Ohio medical professionals are allowed to refuse abortion if it violates their religious beliefs.
The measure passed to the Spending bill, is celebrated by anti-abortion rights groups who say it would allow doctors to adhere to their moral standards.
“For us, it’s a First Amendment problem that was a few years ago,” said John Fortney, Republican spokesman for the Ohio Senate. âIt is worrying that we are seeing large government bureaucrats trying to force health organizations and doctors to offer services that they (do not want to) offer for religious reasons.
However, proponents of abortion rights say it would affect women’s access to health care facilities.
“The Ohio Senate Republicans have again hijacked the budget process to advance their anti-abortion agenda,” wrote Kellie Copeland, executive director of NARAL Pro-Choice Ohio, on her website. âAcross the country, medical providers work hand in hand with abortion clinics, medical schools and hospitals to ensure that patients get access to (the) comprehensive reproductive health care they deserve. This change is about stigmatizing and isolating abortion providers. “
The Republican-led Senate passed its version of the budget last week by 25 votes to 8, falling along the party lines. The House of Representatives had previously passed its version of the budget that does not include the abortion measure.
The members of both chambers are expected to meet in the conference committee next week to work out the final budget.
This spending proposal goes to Governor Mike DeWine, who has to sign it by June 30th.
Ohio is one of several states whose lawmakers are pushing for action to restrict access to abortion or to ban it altogether.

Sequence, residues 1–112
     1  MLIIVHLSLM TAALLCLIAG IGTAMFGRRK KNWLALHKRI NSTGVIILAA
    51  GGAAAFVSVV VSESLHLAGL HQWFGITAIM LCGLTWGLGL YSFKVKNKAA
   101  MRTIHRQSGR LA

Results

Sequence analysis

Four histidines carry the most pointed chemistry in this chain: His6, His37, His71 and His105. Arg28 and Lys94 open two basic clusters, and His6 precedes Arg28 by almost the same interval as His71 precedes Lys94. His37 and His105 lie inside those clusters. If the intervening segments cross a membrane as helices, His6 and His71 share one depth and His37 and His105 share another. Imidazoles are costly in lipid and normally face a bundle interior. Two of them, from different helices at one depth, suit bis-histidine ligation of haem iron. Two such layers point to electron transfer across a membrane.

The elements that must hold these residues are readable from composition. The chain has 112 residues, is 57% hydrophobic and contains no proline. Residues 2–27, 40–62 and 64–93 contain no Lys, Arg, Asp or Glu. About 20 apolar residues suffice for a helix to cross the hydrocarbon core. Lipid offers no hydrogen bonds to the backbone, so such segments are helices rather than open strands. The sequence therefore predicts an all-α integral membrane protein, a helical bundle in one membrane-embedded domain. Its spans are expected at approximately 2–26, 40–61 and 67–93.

More than 500 abortion restriction policies were put in place in the United States in the first three months of this year, compared to about 300 in the same period in 2019. Planned Parenthood Report.
If the Ohio Senate version of the budget is adopted, a “doctor, health facility, or payer” could refuse to provide or pay a service in accordance with their “conscience according to moral, ethical, or religious beliefs or principles.” Language added to the invoice.
“It’s a breath of fresh air to know that Ohio passed legislation to protect people’s religious beliefs,” said Michael Gonidakis, president of Ohio Right to Life. “If you have deeply religious beliefs and believe abortion is murder and you happen to be a doctor in Ohio, you don’t have to go through this.”
Ohio has more than 44,000 licensed doctors, all with different ideas and beliefs, he added.
Kersha Deibel, president and CEO of Planned Parenthood Southwest Ohio Region, said her organization will always be open to those who need it.
“Reproductive health care is fairest when all providers can work together to ensure the health and safety of the patients we care for,” she said in a statement. “A change that threatens the highest quality of care and creates barriers to comprehensive sex education is not in the interests of Ohioans.”
Opponents of the change argue that Republican lawmakers are tacitly pushing pending laws into the budget spending plan. Supporters say it is normal for non-budgetary items to be included in the budget.
“It is very common for policy changes to be made in the operating budget, and some of these are caused by the need to update antiquated language,” said Fortney.
Hundreds of changes could be proposed for the budget, he added.
Ohio has some of the strictest abortion laws in the country.
An Ohio law that went into effect in April requires women who have an abortion to choose between cremating or burying the remains of the fetus.
Abortion providers who violate this law would be subject to first degree criminal charges, punishable by no more than six months in prison, a fine of $ 1,000, or both.